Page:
After six months of volunteering for the rail transit board, Carrie Okinaga is going back to work.

Okinaga, who until July 1 was the city’s top attorney, told Civil Beat Thursday she starts her new day job on Tuesday — at First Hawaiian Bank. She’ll still moonlight as chair of the Honolulu Authority for Rapid Transportation board of directors.

First Hawaiian Bank, of course, is the home of Don Horner, another member of the HART board. First Hawaiian Bank is one of the largest landowners near the rail project. Civil Beat reported that First Hawaiian Bank owns 36 acres within half a mile of the rail line, placing it in the top 25.

Now, First Hawaiian has two of the main voices on the 10-member board.

Okinaga said Horner “definitely suggested” she look to work at FHB but didn’t pull strings on her behalf. She delayed her start date until after he retires from his position as First Hawaiian CEO, effective the end of this year, to avoid the appearance of a conflict of interest.

“This is a job. This is my real livelihood,” Okinaga said. “We’re trying to avoid (the appearance of a conflict of interest), obviously.”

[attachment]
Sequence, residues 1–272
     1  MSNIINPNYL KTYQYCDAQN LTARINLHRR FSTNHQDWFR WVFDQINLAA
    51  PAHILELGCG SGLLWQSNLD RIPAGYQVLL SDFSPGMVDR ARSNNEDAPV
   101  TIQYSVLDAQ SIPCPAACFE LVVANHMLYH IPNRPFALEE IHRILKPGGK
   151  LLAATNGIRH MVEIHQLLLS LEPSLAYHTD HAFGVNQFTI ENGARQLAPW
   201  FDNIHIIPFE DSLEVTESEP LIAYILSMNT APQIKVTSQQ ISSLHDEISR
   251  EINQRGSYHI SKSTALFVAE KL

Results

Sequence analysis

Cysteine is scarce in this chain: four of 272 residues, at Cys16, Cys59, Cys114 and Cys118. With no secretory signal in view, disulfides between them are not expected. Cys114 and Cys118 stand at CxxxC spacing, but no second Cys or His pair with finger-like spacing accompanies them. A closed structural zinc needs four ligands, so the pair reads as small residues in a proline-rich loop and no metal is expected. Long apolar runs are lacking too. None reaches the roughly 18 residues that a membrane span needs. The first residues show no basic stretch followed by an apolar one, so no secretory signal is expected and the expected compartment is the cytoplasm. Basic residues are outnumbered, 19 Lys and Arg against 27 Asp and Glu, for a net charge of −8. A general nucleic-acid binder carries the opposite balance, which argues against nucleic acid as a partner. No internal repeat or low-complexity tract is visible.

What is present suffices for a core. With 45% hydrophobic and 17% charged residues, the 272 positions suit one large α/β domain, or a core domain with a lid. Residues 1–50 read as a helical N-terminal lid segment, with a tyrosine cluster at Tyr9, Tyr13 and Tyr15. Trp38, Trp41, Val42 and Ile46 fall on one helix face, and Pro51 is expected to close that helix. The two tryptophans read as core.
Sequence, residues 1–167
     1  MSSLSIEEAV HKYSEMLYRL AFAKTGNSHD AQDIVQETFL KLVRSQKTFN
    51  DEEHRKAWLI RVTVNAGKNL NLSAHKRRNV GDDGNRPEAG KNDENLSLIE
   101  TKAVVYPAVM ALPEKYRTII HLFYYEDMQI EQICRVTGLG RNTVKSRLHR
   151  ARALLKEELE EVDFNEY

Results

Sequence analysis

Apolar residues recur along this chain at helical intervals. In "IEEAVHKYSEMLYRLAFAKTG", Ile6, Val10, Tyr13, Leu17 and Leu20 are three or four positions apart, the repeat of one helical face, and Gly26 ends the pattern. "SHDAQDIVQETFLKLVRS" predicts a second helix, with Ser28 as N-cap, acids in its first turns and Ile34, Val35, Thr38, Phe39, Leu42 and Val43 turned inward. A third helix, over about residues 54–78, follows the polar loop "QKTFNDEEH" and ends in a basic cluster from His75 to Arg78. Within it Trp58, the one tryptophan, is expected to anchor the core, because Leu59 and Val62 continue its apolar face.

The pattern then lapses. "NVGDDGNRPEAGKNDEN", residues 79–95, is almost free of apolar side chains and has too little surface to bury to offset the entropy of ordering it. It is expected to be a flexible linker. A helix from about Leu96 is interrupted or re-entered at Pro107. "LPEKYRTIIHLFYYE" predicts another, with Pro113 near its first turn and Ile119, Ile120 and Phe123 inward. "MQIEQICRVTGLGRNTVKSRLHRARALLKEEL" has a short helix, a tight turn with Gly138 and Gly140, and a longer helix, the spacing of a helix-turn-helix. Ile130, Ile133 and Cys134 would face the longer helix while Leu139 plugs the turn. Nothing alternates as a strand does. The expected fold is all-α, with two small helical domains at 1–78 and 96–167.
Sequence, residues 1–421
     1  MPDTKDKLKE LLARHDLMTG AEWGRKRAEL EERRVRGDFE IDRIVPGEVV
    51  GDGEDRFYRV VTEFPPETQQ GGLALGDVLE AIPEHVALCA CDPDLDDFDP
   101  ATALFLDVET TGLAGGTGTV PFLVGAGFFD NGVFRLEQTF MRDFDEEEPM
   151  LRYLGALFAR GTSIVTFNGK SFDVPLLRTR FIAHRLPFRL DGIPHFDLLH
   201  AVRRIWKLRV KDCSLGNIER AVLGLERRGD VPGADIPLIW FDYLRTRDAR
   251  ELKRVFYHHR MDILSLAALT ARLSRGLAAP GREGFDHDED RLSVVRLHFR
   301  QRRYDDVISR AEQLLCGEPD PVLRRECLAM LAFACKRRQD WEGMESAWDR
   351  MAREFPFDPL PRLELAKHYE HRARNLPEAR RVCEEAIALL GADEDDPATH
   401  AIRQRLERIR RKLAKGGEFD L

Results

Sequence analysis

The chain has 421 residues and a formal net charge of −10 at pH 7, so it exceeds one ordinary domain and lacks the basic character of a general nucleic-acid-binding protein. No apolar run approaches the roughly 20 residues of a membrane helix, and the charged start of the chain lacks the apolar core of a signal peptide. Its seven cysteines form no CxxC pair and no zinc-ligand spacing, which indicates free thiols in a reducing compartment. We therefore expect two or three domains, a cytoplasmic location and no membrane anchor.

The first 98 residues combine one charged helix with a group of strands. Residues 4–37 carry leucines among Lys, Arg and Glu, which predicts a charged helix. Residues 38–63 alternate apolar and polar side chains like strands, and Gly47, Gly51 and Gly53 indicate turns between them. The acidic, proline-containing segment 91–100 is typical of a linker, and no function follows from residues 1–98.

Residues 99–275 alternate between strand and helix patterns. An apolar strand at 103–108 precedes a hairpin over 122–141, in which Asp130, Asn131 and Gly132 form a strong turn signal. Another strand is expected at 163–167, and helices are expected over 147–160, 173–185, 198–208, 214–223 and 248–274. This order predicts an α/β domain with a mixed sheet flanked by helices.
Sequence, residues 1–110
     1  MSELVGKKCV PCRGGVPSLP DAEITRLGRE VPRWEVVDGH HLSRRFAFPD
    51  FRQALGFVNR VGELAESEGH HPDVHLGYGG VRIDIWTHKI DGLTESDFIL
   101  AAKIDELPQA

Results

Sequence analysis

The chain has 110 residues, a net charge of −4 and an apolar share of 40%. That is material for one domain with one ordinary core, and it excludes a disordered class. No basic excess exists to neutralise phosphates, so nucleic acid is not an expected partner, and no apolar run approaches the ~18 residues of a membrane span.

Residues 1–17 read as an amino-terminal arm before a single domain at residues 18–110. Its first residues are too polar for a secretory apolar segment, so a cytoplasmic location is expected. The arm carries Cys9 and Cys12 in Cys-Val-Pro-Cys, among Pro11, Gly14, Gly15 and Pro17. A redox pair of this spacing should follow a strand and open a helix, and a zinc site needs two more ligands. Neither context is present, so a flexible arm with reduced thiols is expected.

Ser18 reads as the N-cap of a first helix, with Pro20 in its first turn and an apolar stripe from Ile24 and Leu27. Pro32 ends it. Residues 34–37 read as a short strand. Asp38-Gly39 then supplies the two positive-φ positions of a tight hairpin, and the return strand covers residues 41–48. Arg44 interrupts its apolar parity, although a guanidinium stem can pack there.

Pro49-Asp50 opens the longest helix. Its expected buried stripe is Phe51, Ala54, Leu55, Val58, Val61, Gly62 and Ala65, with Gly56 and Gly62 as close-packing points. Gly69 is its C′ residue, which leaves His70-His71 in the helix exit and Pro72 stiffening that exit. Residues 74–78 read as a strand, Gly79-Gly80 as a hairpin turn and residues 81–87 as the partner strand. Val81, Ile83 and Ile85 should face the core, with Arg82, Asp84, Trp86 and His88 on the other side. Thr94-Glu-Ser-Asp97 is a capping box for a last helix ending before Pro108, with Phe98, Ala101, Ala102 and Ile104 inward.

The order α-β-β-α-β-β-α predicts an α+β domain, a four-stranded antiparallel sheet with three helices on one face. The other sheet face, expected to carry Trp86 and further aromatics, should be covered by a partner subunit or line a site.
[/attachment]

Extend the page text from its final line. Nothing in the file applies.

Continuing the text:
Okinaga will serve as in-house counsel and will report to General Counsel Bill Atwater, not to Horner, who will continue to serve at the bank’s chairman.

Okinaga said she asked Honolulu Ethics Commission Executive Director Chuck Totto for guidance on whether the job would create an ethical problem and that he ruled in October that it would not.

Horner hosted a HART Finance Committee meeting earlier this year at the First Hawaiian Bank building because the city lacked facilities to hold a teleconference with Ansaldo and Finmeccanica executives spread across multiple Italian cities. Horner gave Ansaldo’s financials a thumbs up, and the company was contracted to design, build, operate and maintain the rail system for $1.4 billion.

First Hawaiian’s parent company, PNB Paribas, has ties to Finmeccanica, and Horner did not disclose the link at that meeting or any others. Blogger Ian Lind pointed out the connection in September.

As Corporation Counsel, Okinaga made nearly $120,000 annually. Her position on the HART board is nonpaying. She said providing for her family was a consideration when she chose the bank job over other possibilities.

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